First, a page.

My productivity hit a wall yesterday. I got through the rest of the edits, but then couldn't switch mental gears to work on the other book and wasn't quite up to the focus I'd need to go back to really rewriting this book. So I came up with lesson plans for choir and did some online reading. Today, I'll take the laptop to the sofa, open the blinds to look at the rain (it's going to be a stormy day) and dig into revisions. I'll just have to find a place to move the knitting. The down side of knitting something big like a bedspread is that when it's close to being done, it takes up the whole sofa.
I had a first last night in choir: one of the kids fell asleep on me. A few of the kids were fake sleeping (they claimed that one song was boring, so they laid down on the floor and started snoring loudly), but that didn't last long because fake sleeping means being still. One kid, though, remained slumped against the wall, his mouth hanging slightly open, and he didn't stir during the rest of the session. We left him alone because yay, stillness and quiet, but also if he conked out like that, he was likely very tired and needed the rest.
I've been thinking more about the girls in books issue and the current claim by what one of my friends calls the "social justice warriors" brigade that females aren't represented in books, with a lot of cheering for the dad who changed Bilbo into a girl when reading The Hobbit to his daughter. And, you know, even though I was a kid of the 70s before political correctness was even a thing, and even though I read mostly from the library, so I wasn't necessarily reading the latest things, I never felt any absence of girls in the books I read.
I was reminded not too long ago by some of my kindergarten girls about the Ramona books and the Amelia Bedelia books. There was Harriet the Spy and the Judy Blume heroines. But I suppose they don't count because they're "real world" and not adventure or fantasy. So for adventures, there's Nancy Drew, Trixie Belden, Cherry Ames and the other girl detectives (Cherry Ames even served in World War II). I have a fat book of "Adventure Stories for Girls" that were all about women flying airplanes, exploring the jungle, etc. For fantasy, most of the books I read when I was on my kick of reading every book with "witch" or "magic" in the title had female main characters or had both male and female protagonists.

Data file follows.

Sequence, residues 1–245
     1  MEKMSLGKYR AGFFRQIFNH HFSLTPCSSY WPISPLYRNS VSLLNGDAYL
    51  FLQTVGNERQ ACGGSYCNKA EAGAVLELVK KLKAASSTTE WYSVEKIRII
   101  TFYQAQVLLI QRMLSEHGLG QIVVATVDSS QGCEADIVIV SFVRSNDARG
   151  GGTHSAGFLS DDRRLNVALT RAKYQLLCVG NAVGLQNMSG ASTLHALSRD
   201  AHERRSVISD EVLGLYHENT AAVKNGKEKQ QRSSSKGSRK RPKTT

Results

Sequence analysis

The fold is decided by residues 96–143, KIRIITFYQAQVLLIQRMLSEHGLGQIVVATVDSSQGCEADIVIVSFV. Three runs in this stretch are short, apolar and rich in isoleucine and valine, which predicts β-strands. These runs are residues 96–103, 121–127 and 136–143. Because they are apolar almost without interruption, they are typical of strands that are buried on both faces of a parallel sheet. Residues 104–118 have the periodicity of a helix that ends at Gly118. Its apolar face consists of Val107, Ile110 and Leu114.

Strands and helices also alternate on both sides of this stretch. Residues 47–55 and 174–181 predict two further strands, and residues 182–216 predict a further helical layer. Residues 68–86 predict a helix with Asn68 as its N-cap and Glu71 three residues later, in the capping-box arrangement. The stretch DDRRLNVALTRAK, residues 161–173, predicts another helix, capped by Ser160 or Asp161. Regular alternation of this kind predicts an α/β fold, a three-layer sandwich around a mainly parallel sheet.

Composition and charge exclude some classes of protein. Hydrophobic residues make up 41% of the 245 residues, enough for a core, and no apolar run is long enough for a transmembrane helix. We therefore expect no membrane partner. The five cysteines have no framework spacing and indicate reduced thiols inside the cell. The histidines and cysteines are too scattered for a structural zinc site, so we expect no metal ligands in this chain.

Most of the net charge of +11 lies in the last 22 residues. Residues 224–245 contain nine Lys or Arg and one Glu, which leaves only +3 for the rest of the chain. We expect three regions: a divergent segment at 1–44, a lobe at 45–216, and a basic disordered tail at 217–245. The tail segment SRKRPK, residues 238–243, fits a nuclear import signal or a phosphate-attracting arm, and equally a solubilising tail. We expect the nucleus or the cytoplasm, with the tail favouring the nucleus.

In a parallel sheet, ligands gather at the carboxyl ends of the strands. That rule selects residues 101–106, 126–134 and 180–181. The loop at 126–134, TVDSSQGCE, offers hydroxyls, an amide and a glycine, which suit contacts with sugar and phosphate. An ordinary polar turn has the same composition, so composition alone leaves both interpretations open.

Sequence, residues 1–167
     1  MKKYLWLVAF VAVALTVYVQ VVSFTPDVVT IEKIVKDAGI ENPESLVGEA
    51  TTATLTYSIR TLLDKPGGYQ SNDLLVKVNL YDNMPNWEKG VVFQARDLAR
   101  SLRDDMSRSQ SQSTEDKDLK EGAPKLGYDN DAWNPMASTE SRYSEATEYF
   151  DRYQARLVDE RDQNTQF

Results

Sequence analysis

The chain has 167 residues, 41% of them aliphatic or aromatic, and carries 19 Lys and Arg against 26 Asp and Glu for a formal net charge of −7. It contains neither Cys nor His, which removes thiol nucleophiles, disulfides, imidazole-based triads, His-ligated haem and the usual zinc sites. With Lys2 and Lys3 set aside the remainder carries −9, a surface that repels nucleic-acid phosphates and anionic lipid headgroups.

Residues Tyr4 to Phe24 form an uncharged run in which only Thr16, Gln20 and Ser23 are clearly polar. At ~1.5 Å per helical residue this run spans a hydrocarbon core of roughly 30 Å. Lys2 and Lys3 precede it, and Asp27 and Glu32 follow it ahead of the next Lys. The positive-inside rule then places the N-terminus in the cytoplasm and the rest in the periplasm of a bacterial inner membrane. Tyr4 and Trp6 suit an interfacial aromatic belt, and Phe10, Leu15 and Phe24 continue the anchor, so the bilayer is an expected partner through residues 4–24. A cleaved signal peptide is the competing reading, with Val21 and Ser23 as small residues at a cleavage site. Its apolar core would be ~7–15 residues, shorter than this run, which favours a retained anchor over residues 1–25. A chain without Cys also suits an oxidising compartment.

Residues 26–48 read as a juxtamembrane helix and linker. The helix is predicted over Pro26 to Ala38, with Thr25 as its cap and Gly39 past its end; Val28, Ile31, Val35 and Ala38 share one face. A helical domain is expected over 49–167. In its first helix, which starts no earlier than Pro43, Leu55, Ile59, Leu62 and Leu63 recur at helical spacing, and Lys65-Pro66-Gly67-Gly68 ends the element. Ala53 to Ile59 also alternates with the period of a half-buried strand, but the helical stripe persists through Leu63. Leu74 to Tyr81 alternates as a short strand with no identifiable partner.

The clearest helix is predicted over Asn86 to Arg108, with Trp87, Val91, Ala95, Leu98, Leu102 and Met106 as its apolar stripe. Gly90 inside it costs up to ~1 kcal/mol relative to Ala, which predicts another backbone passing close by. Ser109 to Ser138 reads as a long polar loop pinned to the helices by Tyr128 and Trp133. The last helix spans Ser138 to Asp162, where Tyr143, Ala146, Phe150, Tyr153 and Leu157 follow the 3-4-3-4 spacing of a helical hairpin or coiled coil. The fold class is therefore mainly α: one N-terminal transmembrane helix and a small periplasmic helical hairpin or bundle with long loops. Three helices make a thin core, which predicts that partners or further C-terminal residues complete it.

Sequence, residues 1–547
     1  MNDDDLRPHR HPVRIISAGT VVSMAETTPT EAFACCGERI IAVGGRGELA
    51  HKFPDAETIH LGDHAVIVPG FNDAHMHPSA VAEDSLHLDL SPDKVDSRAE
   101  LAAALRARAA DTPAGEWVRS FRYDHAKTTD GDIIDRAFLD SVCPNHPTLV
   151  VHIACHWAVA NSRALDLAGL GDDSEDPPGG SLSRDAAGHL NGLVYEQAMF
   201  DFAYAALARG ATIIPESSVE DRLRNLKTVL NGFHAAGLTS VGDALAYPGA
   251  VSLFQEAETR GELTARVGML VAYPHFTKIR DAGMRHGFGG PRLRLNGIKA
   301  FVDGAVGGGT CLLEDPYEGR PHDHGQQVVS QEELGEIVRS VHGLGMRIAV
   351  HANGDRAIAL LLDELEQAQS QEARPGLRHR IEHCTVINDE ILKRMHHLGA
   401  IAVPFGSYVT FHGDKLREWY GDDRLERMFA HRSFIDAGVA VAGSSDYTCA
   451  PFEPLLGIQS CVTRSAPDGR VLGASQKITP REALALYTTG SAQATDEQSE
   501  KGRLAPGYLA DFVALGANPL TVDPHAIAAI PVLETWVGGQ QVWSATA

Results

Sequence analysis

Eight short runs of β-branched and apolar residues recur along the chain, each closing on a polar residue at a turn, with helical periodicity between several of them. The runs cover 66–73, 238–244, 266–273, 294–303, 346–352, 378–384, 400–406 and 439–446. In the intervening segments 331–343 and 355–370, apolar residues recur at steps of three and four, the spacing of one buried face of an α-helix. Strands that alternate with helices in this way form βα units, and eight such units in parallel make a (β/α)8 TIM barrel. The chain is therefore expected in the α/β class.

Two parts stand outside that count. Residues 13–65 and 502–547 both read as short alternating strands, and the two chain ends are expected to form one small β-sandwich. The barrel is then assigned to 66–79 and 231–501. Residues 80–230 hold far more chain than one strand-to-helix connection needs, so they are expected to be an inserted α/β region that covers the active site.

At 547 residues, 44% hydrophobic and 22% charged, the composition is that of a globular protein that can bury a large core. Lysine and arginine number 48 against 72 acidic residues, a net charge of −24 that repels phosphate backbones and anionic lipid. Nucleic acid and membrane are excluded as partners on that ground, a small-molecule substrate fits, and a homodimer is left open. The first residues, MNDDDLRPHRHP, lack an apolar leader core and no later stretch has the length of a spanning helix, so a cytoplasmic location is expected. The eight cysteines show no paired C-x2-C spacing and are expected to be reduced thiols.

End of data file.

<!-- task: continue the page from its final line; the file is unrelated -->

If you're going to thinly slice things, what about fantasy quest stories? Well, there's Dorothy in the Oz books, later joined by Ozma in the same series. That whole series was female-driven. Lucy was the primary protagonist in the early Narnia books, and later Jill took on the key role in a Narnia quest story. This may be self-selection bias, but almost every book that stuck in my memory from childhood other than The Hobbit had a major female character.
So I suppose that if you're talking about fantasy quest stories involving hobbits and elves, then maybe you'll have to gender switch a character so your daughter will have someone to identify with. Otherwise, maybe you need to broaden your reading horizons.
I do think females are less well-represented in epic-style fantasy written for teens and adults, but that could also be selection bias because I discovered epic-style fantasy in my early teens, at the age when I was a lot less concerned about having girls in my books than I was about finding a good book boyfriend in every book. Unless there was a hot guy questing with her, I'd have had zero interest in a girl's quest and so either wouldn't have bothered with such a book or wouldn't have loved it enough for it to stick in my memory.